Jahvon Fox ’20
Jahvon Fox ’20, a graduate of the audio engineering technology program in the College of Engineering, Technology, and Architecture (CETA), is working on freelance work related to the skills he acquired in the program while pursuing an exciting music career.
Some of his freelance services include audio mixing and mastering, as well as photo and video editing. While building his résumé and network through these services, Fox will also continue to pursue his passion for music under his stage name "KNoWTe" through his continual music releases and performances, once performances become commonplace again.
The opportunity for freelance work became possible once Fox realized the network he built through pursuing his own music. “Throughout my music career, I would come across a number of artists and content creators who were struggling to create that professional looking and sounding audio and video for their content,” he explains. “By implementing what I learned in school into my personal pursuits, I began to realize I unintentionally created a portfolio through my numerous musical and video releases.”
Fox’s connections, including fellow artists and content creators, were intrigued to know how he had such professional looking and sounding music and videos. He collaborated with fellow audio engineering alumnus Will Stenson ’19 who helped mix, produce, and master a handful of tracks on his most recent project. “I also learned how to mix and master a majority of my own music, and edit all my own photos and video,” Fox says. “After sharing this with my connections, they began asking for help with theirs. These efforts essentially began my work as a freelance multimedia editor, helping other artists and content creators make their visions come to life.”
Both the University of Hartford and CETA had a positive impact on Fox’s time as a student. “UHart provided the hands-on classes I needed in order to learn the skills that are necessary for my field,” Fox says. “The University also provided me a space to meet other creative students on campus, allowing me to cultivate personal and working relationships that have helped me get to where I am today.” In particular, Fox believes the audio engineering program in CETA is one of the most diverse programs when it comes to the number of focus areas students can pursue.
Jahvon Fox ’20, audio engineering technology
I was able to learn skills in musical recording, foley, live sound, mixing and mastering, audio for video, computer networking, as well as being able to troubleshoot equipment from even a component level. Some advice I would share is do not let your specific major limit your learning experience. Just because you declare a specific major doesn't mean you can't learn skills that another major or area of focus may provide. By joining clubs or getting involved with the community, you are able to learn certain skills you don't get in your day-to-day classes. Personally, I was involved in RedTail Records, the on-campus record label, the entirety of my college career. Although I was chief engineer and spent most of my time in the recording studios, I learned skills in artist relations, management, content creation, event planning, and release scheduling, which are all skills I use in my day to day.”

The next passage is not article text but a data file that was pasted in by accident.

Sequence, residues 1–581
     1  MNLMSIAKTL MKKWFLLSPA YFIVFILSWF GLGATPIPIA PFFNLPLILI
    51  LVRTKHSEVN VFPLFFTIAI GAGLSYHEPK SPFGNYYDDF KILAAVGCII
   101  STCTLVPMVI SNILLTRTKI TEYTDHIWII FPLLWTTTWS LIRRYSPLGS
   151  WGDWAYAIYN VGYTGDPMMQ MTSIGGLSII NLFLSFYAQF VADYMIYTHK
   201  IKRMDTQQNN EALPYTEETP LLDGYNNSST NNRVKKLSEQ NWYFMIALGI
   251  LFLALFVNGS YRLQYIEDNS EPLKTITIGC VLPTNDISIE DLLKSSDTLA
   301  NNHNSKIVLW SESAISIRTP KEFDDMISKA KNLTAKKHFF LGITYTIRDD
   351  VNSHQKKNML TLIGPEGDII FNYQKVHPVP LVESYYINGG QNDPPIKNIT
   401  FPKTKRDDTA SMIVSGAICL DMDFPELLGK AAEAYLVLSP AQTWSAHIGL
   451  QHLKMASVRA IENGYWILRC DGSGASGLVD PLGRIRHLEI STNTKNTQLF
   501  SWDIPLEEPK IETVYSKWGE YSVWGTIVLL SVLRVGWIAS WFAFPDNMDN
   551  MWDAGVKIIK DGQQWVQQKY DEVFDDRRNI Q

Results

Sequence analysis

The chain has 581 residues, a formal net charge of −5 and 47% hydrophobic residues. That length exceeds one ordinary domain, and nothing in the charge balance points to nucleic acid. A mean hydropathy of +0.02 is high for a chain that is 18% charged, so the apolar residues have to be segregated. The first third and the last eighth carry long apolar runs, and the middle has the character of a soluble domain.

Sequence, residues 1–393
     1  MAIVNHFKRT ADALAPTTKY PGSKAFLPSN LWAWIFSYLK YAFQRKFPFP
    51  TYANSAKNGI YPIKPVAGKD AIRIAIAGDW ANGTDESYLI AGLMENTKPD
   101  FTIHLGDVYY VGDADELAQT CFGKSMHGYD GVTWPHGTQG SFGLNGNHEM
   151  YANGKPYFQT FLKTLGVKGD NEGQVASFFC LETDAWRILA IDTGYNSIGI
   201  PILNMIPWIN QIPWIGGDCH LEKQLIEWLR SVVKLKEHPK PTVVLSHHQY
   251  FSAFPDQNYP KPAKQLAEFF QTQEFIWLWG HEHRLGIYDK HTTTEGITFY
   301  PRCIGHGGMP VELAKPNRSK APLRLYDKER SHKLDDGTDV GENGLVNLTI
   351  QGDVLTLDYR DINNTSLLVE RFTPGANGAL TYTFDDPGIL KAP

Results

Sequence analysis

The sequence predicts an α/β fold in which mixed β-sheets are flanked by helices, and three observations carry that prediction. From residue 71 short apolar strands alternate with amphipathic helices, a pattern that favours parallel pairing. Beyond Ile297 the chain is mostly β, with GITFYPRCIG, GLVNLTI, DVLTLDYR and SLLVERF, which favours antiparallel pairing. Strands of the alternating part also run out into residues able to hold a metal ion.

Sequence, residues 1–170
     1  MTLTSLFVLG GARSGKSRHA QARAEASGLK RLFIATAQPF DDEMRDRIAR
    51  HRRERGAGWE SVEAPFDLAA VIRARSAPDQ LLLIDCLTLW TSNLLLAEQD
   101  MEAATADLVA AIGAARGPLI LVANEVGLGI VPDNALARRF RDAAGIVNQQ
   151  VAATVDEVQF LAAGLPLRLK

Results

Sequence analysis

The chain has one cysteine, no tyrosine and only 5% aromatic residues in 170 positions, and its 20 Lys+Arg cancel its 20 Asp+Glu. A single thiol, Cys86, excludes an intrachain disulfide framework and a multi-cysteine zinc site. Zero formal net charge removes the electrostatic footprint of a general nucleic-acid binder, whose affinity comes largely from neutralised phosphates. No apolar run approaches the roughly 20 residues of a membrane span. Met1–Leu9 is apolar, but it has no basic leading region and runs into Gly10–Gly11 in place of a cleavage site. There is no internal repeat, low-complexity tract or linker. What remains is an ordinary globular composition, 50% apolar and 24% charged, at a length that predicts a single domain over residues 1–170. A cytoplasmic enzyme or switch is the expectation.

Through his involvement with RedTail Records and the skills learned in the classroom, Fox was able to spend a majority of his time recording and mixing other people's music as well as his own. “Each track becoming better than the last and helping me create the ‘KNoWTe’ sound people have come to enjoy today,” he proudly says.
Fox also credits the audio engineering technology faculty who have helped him along the way. He worked closely with Dave Shuman, assistant professor and program director for audio engineering technology, and Mike deAlmeida, applied assistant professor, throughout his four years. “They were my anchors and I always had such a high respect for them as professors, industry professionals, and as people,” Fox says. “I found myself working hard in my classes and my extracurriculars because I wanted to make them proud—which is a feeling I never had towards any other teaching professionals in the past,” he says.
Fox’s favorite aspect about UHart is the community. “There is a community for everyone,” he says. Joining the University his first year, Fox didn't think he would find people who thought like him and shared similar interests. “But by the first few weeks, I was able to make friends with people I now consider family,” He says. “I even met the love of my life on my third day there and I'm still with her to this day. Most important, I am thankful I found people who didn't think like me, because it challenged me to grow and learn from my own trials and tribulations.”
When asked what advice he would share for incoming students, Fox says, “enjoy your time while you have it because it truly does go by in a blink of an eye. Search for understanding, search for gaining experience, don't be afraid to make mistakes, and admit when you don't know something—and of course, have fun. Once I started doing that, good grades started to follow.”
Fox is incredibly grateful for the experiences he had at UHart and far better off for having been a CETA student. “I wouldn't be who I am today if it wasn't for this university,” he says.